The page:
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Mississippi Senate votes to ban transgender student athletes from women's sports

The Mississippi Senate voted 34 to 9 in favor of banning transgender athletes from competing on women's sports teams in the state's high schools and universities.

Mississippi Senate votes to ban transgender student athletes from women's sports
Cover Image Source: Getty Images/ LGBT activists and their supporters rally in support of transgender people on the steps of New York City Hall, October 24, 2018, in New York City. (Photo by Drew Angerer)

Mississippi and North Dakota are now one step closer to signing anti-trans legislation into law. On Thursday, lawmakers in both states advanced proposals that would prevent transgender student-athletes from competing in school sports in alignment with their gender identity. While the North Dakota state House of Representatives passed a bill that will prohibit youth transgender athletes from joining teams that match their gender identity, the Mississippi Senate voted 34 to 9 in favor of banning transgender athletes from competing on women's sports teams in the state's high schools and universities.




According to CNN, the "Mississippi Fairness Act" was sponsored by Republican Senator Angela Hill who told her colleagues prior to the vote that she'd "had numerous coaches across the state call me and believe that they feel that there is a need for a policy." While supporters of Senate Bill 2536 — which is now headed to the Mississippi House of Representatives for consideration — claim that permitting an athlete born male to compete in women's sports gives them an unfair advantage, those against the bill say that the proposals are discriminatory and harmful. "All this bill does is put transgender youth at risk of bullying, exclusion, and increased danger while discrimination and violence against transgender people is at a record high in this country," the Human Rights Campaign Mississippi State Director Rob Hill said in a press release.




"If legislators would simply listen to medical experts and transgender athletes, they might know that transitioning for the sake of a competitive advantage is simply unrealistic. So is the idea that transgender athletes even gain a supposed advantage in the first place," Hill added. "Rather than use this all-important legislative session to bully transgender youth, the Mississippi legislature would be wise to focus their efforts on economic relief and addressing the deadly COVID-19 pandemic that has taken the lives of more than 6,000 Mississippians."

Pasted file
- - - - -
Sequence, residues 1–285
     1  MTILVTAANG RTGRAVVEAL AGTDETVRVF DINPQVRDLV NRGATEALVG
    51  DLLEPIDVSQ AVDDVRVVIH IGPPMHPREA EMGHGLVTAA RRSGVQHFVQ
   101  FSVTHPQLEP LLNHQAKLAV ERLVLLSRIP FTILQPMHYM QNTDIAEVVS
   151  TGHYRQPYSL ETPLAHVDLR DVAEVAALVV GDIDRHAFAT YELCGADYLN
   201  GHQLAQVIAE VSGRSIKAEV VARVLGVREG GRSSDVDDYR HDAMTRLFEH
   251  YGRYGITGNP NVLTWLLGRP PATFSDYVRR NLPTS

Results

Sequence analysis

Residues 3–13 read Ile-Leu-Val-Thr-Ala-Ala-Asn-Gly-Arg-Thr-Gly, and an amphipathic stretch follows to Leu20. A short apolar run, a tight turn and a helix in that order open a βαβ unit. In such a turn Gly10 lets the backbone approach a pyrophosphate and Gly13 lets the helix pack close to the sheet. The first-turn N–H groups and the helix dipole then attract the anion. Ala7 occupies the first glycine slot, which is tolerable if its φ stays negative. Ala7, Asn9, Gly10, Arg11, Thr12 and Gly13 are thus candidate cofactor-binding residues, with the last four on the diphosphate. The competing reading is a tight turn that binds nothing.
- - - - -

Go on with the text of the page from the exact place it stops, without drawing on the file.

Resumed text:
On the other hand, responding to President Joe Biden's executive order extending protections against discrimination to gender identity and sexual orientation, Mississippi Gov. Tate Reeves said that the order would take away from female athletes like his daughters who will have to "compete with biological males for access to athletics." Responding to the order on his Facebook page, Reeves wrote: "It will limit opportunity for so many competitors like my daughters. It is bad policy and it is wrong for America. I just don't understand why politicians are pushing children into transgenderism in the first place. I certainly don't understand why the President chose to make it a priority in his first days. And my heart breaks for the young women across America who will lose in this radical social experiment."




Meanwhile, the North Dakota state House of Representatives passed House Bill 1298 — that would restrict transgender high school athletes to competing in sports that correspond with their sex assigned at birth — by a vote of 65-26, reports the Grand Forks Herald. "This is about girls competing with girls, ensuring equal opportunity, and keeping a level playing field in girls' sports," said Rep. Kathy Skroch, R-Lidgerwood, a co-sponsor on the bill. "It upholds 50 years of progress and protecting women against discrimination and advocates for the preservation of biological standards." The bill reportedly also bans sporting events from receiving public funding if they have a trans athlete playing on a team that matches their gender identity.




"Some have said this bill just doesn't follow the science. We've got science going back well before the United States that backs this. This isn't new science. Men and women didn't just cease to exist. They've existed for a long time and we've been able to recognize the differences," said state Rep. Ben Koppelman (R), the bill's primary sponsor, according to KFYR. The legislation faces strong opposition from lawmakers from both parties and LGBT advocacy groups who called it a targeted anti-transgender bill. Speaking out against the bill, GOP State Rep. Greg Westlind argued that it opens North Dakota up to potential litigation and could result in the state losing national tournaments.




"It's about learning about yourself, being part of a team, solving problems, figuring out life. But we're gonna tell some kids you can't," said state House Minority Leader Josh Boschee (D). "And even though most of those kids aren't gonna go up for high school athletics because it's not within their skillset or desirability, they're gonna see the action made by this body and it's going to play into some unfortunate other decisions that they'll make."

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